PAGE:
As if Europe weren’t struggling with enough problems, from Brexit to rising nationalism to a seemingly endless flow of migrants fleeing tumult and war in the Middle East and Africa, Spain now finds itself mired in its worst political crisis since the death of dictator Gen. Francisco Franco and the creation of a democratic Spanish state in 1978. The crisis stems from a growing desire in Catalonia — the semiautonomous northeastern region anchored by Barcelona — to secede and form an independent nation.
Polling has been inconclusive on how deep the support for secession runs among Catalans. A controversial and illegal plebiscite Oct. 1 drew a turnout of only 43%, but the vote — conducted despite violent and questionable tactics by the federal government to stop it — was overwhelmingly for secession. And now the country’s top prosecutor, Atty. Gen. Jose Manuel Maza, is calling for the leaders of the peaceful secession movement to be tried on sedition and other related charges.
This would be a good time for a cooling off period. In the run-up to the referendum, the attorney general threatened to arrest mayors who allowed the balloting to take place in public buildings, as well as people who printed or distributed ballot papers. The government also warned postal workers not to handle referendum-related mailings and threatened to cut off electric power to polling places. Granted, Catalan leaders should have observed a federal court order barring the referendum, but the Franco-style response by the national government made the situation worse.
After Catalan lawmakers declared independence last week (an action that was boycotted by dozens of their colleagues), Spanish Prime Minister Mariano Rajoy led the federal parliament in a vote to dissolve the Catalan parliament and fire top Catalan officials involved in the movement, two sanctions that are allowed under Spain’s Constitution. Central government caretakers are in charge in the Catalan capital, Barcelona, until a new government can be elected Dec. 21. If the pro-secession forces win at the polls — this time without police interference — then Rajoy’s government must figure out a way to respond to the serious level of discontent in Catalonia without taking punitive measures that might worsen the tensions. If the secession forces lose, then the steam behind the movement is bound to dissipate, and while the desire for independence will not go away, it will lose momentum.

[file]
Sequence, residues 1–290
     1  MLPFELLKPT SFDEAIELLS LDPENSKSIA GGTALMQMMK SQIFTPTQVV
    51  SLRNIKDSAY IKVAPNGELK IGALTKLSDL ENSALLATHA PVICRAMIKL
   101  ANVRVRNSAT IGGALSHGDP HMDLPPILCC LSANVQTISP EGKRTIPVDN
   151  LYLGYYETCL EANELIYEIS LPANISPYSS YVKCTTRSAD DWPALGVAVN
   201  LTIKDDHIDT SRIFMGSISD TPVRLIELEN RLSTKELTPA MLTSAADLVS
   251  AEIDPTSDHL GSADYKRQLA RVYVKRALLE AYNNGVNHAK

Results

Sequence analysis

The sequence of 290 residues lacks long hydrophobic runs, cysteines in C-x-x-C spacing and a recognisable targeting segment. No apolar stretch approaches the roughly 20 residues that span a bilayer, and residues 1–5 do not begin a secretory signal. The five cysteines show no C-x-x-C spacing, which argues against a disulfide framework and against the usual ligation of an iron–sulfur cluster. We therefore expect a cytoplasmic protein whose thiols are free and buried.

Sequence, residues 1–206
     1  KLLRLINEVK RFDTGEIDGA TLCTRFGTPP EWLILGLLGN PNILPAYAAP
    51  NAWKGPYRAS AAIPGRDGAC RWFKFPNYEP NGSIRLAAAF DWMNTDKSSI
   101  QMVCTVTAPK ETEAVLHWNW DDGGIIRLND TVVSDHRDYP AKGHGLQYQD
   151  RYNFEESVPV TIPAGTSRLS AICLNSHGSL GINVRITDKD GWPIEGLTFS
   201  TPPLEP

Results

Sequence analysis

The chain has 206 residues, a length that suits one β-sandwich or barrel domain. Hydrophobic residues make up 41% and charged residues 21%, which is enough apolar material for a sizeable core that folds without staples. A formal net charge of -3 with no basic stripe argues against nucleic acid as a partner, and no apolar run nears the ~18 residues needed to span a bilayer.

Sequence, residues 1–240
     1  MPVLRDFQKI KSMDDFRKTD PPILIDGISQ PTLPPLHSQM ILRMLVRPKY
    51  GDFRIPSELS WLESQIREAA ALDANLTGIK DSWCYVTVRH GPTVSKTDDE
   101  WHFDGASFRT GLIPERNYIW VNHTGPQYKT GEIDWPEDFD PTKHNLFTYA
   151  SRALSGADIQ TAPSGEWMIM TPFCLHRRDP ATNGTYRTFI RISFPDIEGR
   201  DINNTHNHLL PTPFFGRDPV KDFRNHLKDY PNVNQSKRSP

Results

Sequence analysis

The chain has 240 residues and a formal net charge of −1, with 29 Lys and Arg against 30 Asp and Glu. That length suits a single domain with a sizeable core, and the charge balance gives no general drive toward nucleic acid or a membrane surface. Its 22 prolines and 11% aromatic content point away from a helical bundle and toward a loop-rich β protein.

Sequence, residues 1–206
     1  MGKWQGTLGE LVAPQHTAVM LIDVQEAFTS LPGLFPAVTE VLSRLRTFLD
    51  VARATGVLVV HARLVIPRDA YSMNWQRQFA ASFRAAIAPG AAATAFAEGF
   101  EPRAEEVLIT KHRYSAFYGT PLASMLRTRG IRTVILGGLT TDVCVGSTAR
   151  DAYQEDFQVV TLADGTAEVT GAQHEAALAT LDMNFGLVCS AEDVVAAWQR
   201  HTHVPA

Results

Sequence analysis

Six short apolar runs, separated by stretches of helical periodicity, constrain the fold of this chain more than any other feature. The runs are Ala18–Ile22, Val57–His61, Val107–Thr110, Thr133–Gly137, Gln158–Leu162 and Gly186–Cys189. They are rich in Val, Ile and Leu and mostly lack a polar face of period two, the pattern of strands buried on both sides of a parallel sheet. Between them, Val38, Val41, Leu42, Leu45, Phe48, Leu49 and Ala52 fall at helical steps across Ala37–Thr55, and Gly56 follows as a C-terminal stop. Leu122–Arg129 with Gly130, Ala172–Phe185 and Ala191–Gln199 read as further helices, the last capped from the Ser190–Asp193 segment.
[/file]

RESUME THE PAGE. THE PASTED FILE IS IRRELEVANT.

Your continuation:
Until that vote, efforts by the national government to criminalize peaceful behavior and imprison those pursuing a nonviolent political dream will exacerbate the crisis at a time when passions and rhetoric need to settle down. If the central government wants Catalans to vote in a new pro-unity slate, it should stop ham-handed attempts at intimidation.
Is there a mediation role for the European Union? Perhaps. This is at heart an internal issue for Spain and the Catalans to sort out, but Catalonia’s leaders say that with independence they would seek admission to the EU. That makes this more than an internal issue. A pro-secession vote could also reverberate in other corners of the continent. Most proximately, Basque separatists who waged a four-decade armed struggle for self-determination in the region to the west of Catalonia renounced violence only six years ago, and didn’t disarm until earlier this year. It’s unclear whether Catalans pushing secession along another part of Spain’s northern tier might reignite that crisis.
Europe has struggled with these issues before, and sometimes disastrously so. Regional independence movements led to the violent collapse of Yugoslavia a quarter century ago amid ethnic cleansing campaigns that had disturbing echoes of the continent’s violent 20th century. Scotland, propelled by dissatisfaction with its representation in the British Parliament, held its own referendum three years ago, with voters ultimately deciding to remain within the United Kingdom.
But Catalonia is in a different space from Scotland. Catalans speak their own language and have enjoyed significant autonomy for far longer, beginning before the civil war that brought Franco to power. Whether they win the next step in the political process will be significant, and we won’t presume from this distance to tell the Catalans how they should vote. But it is in the interests of greater peace that this confrontation be resolved through negotiation, not force, and that the decisions be based on the realities of modern Spain and Europe, not a romanticized notion of national identity.